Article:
Vendetta picks up the pace, almost suggesting brutal retribution or an effort to forget the cause of pain in the prior song, while Butcher’s Hook seems to suggest a symbolic situation in which the band puts the government (and other positions of superiority) on the hook (a helpless position) and have their say.

Gehenna slows things down again, introducing an eerie, almost supernatural melody. The song bears many similarities with Korn in sound and themes. Gehenna is the term for the Jewish hell/ purgatory. So plausibly, we are hearing the speech of a chastiser who is struggling with identity. This track is followed by This Cold Black, criticizing those in charge again, but also reflecting on the mental state of a soldier forced to go to war and how his perception of the world has consequentially changed.

The band challenges the blind upholding of “traditional” values in Wherein Lies Continue, as well as the struggle between generations as the younger ones try to extricate themselves from values imposed by fear and not reason. The song also seems to criticize those who “want to believe in everything,” or in essence, won’t stand by one view strongly and rationally. It definitely resonates of the Biblical account of the Garden of Eden rebelling against unexplained rules. But yet again, Snuff slows everything down again, with the use of an acoustic guitar. It’s about a forbidden love where the other person in the relationship essentially quits trying. What ensues is a touching hymn of resentment. It could also (possibly) be interpreted as the sorrowful lament of a sinner, who similarly chooses resentment of what has occurred in his life.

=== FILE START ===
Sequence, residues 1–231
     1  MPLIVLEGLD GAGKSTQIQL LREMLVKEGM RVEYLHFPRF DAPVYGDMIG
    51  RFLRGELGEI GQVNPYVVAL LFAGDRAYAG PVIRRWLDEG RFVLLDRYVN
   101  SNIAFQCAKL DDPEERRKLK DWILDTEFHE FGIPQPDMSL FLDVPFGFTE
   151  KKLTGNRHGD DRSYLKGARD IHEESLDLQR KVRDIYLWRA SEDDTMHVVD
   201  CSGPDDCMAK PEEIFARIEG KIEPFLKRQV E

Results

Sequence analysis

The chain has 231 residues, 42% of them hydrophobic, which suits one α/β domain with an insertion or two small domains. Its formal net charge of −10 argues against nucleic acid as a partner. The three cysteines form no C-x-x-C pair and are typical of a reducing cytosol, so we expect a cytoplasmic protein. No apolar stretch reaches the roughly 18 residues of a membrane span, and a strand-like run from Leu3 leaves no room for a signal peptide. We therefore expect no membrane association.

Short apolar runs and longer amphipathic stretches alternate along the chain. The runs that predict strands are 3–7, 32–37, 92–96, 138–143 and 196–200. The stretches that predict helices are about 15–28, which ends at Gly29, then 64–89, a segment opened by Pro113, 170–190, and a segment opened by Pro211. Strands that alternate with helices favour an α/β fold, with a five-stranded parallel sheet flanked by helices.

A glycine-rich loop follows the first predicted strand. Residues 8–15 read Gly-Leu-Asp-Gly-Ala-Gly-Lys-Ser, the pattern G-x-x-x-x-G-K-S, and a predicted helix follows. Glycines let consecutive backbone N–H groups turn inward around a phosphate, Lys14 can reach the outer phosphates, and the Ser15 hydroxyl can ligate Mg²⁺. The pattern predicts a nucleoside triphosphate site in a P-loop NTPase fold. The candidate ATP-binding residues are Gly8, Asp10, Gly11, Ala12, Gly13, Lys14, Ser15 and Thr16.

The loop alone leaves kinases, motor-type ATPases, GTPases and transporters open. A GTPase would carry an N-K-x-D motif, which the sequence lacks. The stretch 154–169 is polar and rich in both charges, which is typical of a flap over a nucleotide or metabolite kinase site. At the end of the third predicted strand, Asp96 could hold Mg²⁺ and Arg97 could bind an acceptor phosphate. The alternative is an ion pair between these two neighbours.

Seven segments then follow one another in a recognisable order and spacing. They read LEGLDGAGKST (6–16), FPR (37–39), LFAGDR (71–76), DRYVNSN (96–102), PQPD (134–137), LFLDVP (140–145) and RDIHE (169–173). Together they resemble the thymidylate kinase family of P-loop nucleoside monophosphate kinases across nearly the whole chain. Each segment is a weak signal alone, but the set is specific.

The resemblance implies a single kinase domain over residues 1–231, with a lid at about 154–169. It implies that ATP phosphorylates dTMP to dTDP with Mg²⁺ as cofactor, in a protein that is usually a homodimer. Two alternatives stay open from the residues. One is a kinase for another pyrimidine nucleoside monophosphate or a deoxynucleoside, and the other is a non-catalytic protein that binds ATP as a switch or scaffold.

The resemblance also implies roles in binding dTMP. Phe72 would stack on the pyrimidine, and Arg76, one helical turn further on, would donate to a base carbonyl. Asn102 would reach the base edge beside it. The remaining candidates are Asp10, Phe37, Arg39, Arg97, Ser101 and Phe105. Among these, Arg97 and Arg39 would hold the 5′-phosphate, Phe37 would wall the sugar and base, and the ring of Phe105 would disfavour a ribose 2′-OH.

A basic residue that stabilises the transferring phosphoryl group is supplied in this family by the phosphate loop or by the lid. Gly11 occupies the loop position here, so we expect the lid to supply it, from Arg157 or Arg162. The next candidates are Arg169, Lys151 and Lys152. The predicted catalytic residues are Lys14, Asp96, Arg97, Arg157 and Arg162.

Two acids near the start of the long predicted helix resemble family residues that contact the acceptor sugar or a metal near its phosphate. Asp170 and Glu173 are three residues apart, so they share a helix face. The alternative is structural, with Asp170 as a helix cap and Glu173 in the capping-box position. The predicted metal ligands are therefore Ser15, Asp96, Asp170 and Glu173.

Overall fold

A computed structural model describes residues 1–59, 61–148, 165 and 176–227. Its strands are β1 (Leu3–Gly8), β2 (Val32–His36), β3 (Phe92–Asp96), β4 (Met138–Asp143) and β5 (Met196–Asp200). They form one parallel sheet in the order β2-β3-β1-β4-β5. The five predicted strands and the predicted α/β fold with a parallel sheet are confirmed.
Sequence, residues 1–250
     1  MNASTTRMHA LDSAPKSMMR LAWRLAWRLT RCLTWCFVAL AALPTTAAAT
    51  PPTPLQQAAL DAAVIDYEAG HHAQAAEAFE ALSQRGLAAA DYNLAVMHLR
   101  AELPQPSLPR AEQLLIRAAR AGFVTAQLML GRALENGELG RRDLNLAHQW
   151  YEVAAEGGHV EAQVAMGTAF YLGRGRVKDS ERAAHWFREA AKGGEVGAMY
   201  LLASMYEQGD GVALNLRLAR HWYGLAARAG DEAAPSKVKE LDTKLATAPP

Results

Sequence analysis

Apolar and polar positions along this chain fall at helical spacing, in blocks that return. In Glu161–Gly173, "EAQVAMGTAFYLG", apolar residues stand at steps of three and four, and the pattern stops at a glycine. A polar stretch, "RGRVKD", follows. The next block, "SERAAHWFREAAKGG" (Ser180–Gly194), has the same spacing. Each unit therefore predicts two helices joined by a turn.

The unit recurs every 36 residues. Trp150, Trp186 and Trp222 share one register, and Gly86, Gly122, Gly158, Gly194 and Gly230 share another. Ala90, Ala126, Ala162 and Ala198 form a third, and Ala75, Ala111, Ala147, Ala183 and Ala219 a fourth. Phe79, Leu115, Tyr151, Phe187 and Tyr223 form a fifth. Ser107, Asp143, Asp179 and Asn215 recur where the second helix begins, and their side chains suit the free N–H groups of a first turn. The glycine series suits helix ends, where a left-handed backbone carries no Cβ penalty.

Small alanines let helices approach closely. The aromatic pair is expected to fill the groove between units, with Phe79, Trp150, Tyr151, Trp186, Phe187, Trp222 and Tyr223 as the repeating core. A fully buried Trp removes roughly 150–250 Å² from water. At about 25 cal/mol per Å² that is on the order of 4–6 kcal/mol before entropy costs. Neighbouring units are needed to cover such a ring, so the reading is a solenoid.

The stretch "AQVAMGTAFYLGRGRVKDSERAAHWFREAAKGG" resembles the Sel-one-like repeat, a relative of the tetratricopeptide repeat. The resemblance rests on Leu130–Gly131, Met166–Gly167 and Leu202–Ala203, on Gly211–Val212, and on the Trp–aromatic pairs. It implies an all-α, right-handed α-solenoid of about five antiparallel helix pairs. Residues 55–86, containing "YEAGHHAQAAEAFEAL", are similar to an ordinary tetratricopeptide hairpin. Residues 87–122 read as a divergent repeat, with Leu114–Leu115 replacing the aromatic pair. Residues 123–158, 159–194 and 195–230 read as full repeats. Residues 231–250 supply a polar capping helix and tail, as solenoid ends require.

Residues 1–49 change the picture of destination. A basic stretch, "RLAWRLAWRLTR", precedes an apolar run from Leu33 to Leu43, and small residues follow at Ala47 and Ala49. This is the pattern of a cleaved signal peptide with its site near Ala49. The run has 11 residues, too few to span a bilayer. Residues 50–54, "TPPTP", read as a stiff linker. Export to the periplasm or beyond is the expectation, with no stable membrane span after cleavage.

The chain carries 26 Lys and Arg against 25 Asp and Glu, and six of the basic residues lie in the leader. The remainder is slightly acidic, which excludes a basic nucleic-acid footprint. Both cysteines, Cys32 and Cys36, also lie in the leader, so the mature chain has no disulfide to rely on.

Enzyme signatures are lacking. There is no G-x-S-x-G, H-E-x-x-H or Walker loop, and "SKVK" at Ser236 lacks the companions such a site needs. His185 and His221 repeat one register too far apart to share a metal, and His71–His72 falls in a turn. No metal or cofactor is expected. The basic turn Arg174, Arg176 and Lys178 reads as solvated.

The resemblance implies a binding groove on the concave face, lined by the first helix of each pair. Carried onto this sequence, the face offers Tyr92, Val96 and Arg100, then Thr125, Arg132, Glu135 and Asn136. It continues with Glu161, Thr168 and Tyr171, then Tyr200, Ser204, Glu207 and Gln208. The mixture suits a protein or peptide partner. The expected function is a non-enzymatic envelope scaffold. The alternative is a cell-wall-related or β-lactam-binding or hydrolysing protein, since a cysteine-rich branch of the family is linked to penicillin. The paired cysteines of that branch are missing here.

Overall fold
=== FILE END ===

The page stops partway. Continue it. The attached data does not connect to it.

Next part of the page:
The album concludes with All Hope Is Gone, amounting to a proverbial concluding paragraph supporting they thesis that “all hope is gone” in most areas of public life: government, religion, and even others (relationships). Yet, almost ironically, the song screams optimism, as the most important lines of the song are “We’ll find a way, when all hope is gone!” and “We’ll end the world when all hope is gone!”

I think that Corey Taylor is right, that the world isn’t ready for something so sophisticated from the often scoffed at band. You have to do research and really read and listen to the way the music delivers the message to really get it (I had no idea what gematria or gehenna was!). the heap. gives it


9 trash bags, filled to capacity.